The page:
The sketches in ”Becoming an Ex-Mormon” are short, pithy, insightful and, probably needless to say, humorous in nature. There is no singular directive story, just the revolution around the denunciation of peoples commitment to the Mormon religion. The sketches are separated into three sections: ”Benefits of Becoming an Ex-Mormon”, ”Downsides of Becoming an Ex-mormon” and ”Before & After”. These three sections work very much to the comic structure benefiting from sharp and short narratives which cleverly embody both the thoughts and feelings of former believers and fleshing out the experience of leaving the calming steadfastness of the Mormon belief and the more generalized condition of loss as Nordlund and others tumble from their former community. In a minimized format of the comic formulation Nordlund is able to give a big and nuanced perspective on a life changing event, both as vast philosophical rupture and the loss of the safety of the social. While self-discovery often is empowering, it also does comes with a vanished connection to both thought and emotion, and Nordlund is not shy of facing this uncertainty doing so, in her work, with passion, humor, and sassiness. While ”Becoming an Ex-Mormon” does ultimately state that leaving the church is an empowering moment to face the many and ambiguous truths of the world, it also never shirks the reality and downsides to leaving a very tight community and wade into the realities of persistent doubts, open bouts of loneliness and the existential fears this entails.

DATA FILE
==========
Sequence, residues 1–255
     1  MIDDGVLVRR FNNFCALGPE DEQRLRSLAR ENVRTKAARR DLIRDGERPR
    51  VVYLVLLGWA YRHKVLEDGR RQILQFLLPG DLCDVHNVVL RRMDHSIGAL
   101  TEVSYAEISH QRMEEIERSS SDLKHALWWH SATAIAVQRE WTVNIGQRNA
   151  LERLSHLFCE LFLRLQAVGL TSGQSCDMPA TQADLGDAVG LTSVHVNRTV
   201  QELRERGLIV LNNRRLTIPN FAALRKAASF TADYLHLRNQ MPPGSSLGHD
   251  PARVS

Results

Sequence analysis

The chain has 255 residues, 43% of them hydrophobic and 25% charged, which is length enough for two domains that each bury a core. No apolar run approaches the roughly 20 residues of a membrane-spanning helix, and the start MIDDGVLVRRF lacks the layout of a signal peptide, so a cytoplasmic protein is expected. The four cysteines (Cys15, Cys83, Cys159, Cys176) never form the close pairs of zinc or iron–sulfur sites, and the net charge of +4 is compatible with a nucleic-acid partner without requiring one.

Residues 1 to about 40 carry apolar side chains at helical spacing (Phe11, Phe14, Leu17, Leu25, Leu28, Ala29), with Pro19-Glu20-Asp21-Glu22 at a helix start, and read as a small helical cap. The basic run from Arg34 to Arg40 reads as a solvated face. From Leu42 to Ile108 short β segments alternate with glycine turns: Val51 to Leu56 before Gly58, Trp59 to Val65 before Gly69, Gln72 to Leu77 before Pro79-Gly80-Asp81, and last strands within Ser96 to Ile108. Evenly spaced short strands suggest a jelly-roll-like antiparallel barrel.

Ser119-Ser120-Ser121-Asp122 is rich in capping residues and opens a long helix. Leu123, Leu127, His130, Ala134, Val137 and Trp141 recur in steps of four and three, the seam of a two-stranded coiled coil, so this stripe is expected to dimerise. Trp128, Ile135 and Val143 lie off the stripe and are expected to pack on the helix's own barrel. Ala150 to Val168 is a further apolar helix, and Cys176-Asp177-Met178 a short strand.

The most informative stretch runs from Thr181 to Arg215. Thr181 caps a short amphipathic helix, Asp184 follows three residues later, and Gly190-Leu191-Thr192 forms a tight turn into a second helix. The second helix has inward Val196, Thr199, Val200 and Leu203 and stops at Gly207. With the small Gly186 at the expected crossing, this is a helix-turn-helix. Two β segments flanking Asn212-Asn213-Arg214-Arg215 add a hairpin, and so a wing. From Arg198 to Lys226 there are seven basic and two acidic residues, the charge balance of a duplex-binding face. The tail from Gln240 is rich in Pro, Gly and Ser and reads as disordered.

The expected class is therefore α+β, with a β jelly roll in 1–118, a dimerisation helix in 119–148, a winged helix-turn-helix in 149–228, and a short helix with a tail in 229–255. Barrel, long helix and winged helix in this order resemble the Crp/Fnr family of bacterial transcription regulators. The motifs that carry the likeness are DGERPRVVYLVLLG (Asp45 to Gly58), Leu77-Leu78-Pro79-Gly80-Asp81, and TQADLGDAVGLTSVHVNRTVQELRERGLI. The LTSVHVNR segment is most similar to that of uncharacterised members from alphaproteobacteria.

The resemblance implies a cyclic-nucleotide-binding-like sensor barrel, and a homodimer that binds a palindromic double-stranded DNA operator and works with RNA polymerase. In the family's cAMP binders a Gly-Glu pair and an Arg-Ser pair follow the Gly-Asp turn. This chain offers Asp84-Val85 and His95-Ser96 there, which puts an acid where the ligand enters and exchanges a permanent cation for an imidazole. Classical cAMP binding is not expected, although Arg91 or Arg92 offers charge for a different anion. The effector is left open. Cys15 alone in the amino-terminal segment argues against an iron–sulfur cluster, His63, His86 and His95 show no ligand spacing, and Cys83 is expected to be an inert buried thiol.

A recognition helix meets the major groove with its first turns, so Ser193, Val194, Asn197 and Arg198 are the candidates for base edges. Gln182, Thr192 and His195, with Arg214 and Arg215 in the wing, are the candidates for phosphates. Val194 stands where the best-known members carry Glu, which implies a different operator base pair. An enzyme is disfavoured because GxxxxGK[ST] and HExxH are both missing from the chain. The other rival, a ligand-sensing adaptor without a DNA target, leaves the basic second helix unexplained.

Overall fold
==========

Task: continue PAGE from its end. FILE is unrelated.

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In the Benefits section, the stories move around the newly found freedom and advantages of not being Mormon. Many of the advantages the stories talk about are quite Mormon specific, like finally being able to drink coffee, whilst others are more generally applicable to a number of different religions (like being able to skip inconvenient, and constant, praying). Some of the enclosed graphic stories in the volume are difficult to understand unless one has at least a passing knowledge of Mormonism, as, for instance, Nordland comments on the relief of being able to laugh loudly after leaving the church. Despite this the reader will never feel abandoned to the mysteries of religion in this compendiums graphic tales as, in the unfolding of the total work, the reader is almost invisibly explained the customs in the Mormon church (such as the pressure to storage food for the latter days, the strict dress codes, and the pressure to marry) while not bogging down the narrative flow which rests instead on the ex-believers journey.

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Nordlund´s stories also touch upon the gender dynamics in the church, bringing up a number of a feminist issues in the tales, for instance with the collection critiquing the notion embodied in church doctrine that the fundamental role of womanhood entails primarily their functioning as mothers. Because of this the ideological community of the Mormon dictates strict rules regarding women´s bodies (a universal critic of religious communities) and their functioning visibility in the social. Nordlund underlines this uneasy genetic behavioral doctrine, and her adamant rejection of its biological determinism, with a strong sketch panel where we find a naked woman smiling with her arms spread out, and a text pronouncing: “Now my body is mine and No One can tell me what to do with it”.